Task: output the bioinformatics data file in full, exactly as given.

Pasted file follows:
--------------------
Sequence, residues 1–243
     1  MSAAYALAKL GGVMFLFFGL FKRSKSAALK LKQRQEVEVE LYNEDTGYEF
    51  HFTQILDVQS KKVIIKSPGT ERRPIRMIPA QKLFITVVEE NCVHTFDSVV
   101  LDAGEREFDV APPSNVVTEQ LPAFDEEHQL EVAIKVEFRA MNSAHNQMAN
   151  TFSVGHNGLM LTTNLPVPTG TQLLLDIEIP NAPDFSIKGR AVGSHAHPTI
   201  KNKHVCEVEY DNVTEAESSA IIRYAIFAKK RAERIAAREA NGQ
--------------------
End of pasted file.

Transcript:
Sequence, residues 1–243
     1  MSAAYALAKL GGVMFLFFGL FKRSKSAALK LKQRQEVEVE LYNEDTGYEF
    51  HFTQILDVQS KKVIIKSPGT ERRPIRMIPA QKLFITVVEE NCVHTFDSVV
   101  LDAGEREFDV APPSNVVTEQ LPAFDEEHQL EVAIKVEFRA MNSAHNQMAN
   151  TFSVGHNGLM LTTNLPVPTG TQLLLDIEIP NAPDFSIKGR AVGSHAHPTI
   201  KNKHVCEVEY DNVTEAESSA IIRYAIFAKK RAERIAAREA NGQ